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Magnet Therapy: Does It Really Relieve Pain?

New research on magnet therapy for pain relief shows it may actually help.

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Updated July 21, 2006

The quest for effective treatment for chronic pain is one that has kept many medical researchers busy and keeps many of those suffering from it with empty wallets. One of the most popular therapies for pain to come along in the last few years is the treatment of pain with magnets.

Magnets have been touted as therapy for everything from low back pain to the next best cure for cancer. As of this time the FDA has approved no magnet therapy for any condition. The FDA actively monitors those marketing magnets to ensure that no company marketing magnets is making claims for cures that have not been proven. This is a huge task as the number of companies marketing these devices grows every day. As I was researching this feature a search for magnets on the search engine Google came up with thousands of different pages on the Internet. These results show the intense interest people have in this therapy. This interest can also leave the door wide open for fraud and abuse of people who are desperate to find pain relief.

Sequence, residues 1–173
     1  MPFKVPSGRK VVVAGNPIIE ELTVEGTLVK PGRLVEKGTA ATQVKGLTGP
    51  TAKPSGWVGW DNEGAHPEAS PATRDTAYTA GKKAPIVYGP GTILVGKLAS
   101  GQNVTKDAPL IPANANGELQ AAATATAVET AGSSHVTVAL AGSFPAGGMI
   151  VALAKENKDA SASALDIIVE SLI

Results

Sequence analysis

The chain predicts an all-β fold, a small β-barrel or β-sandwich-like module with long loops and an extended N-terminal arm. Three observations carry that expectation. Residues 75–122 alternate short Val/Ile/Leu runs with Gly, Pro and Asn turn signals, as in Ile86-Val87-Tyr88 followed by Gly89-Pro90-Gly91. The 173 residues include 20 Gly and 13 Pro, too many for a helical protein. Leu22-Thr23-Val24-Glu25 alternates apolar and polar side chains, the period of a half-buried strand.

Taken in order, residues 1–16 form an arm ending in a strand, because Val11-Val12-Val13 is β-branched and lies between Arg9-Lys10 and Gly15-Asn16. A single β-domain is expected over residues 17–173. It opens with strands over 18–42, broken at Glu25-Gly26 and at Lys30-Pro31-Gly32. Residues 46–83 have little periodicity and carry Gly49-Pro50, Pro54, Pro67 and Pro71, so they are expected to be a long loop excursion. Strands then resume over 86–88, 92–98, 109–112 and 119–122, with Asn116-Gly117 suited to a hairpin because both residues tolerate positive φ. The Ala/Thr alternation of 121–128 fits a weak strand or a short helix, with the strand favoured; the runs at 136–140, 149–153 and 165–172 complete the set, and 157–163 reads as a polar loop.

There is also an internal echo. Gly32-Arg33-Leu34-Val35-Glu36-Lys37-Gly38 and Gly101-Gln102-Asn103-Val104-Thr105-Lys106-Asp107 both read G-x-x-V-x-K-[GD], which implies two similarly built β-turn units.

While many people have made claims that magnet therapy has helped to relief pain, these reports are for the most part anecdotal or unscientific reports. There has however been a lot of interest in magnets for pain therapy from the scientific community.

A study reported in the Journal of Alternative and Complementary Medicine studied the effect of magnet therapy on fibromyalgia pain. Although the results of the study were inconclusive, magnet therapy reduced fibromyalgia pain intensity enough in one group of study participants to be "clinically meaningful" the researchers said.

This study, conducted by researchers at the University of Virginia studied results from 94 patients who suffered from fibromyalgia who were randomly divided into 4 groups. Half of these patients were in 2 control groups, one that received fake magnets and the other that just followed their usual treatment routine. The other 2 groups received active magnetic pads; one which provided whole body exposure to a uniform magnetic field and the other group used a pad which exposed the subjects to a magnetic field that varied both spatially and in polarity. The study tracked results over a six month periods.

The two groups that slept on pads with active magnets generally showed improvement in outcome scores of pain intensity level, number of tender points on the body and functional status at the end of the six month period of the test. The subjects in the control group did not exhibit the same type of improvement in their symptoms.

Researchers expressed surprise that they saw positive results from the study virtually nothing known as to how magnets work to relieve pain. They do feel that in light of the results from this study that more research on magnet therapy for pain is justified.

SOURCES: Study on Application of Static Magnetic Field for Adjuvant Arthritis Rats Evidence-based Complementary and Alternative Medicine , July 21, 2004.

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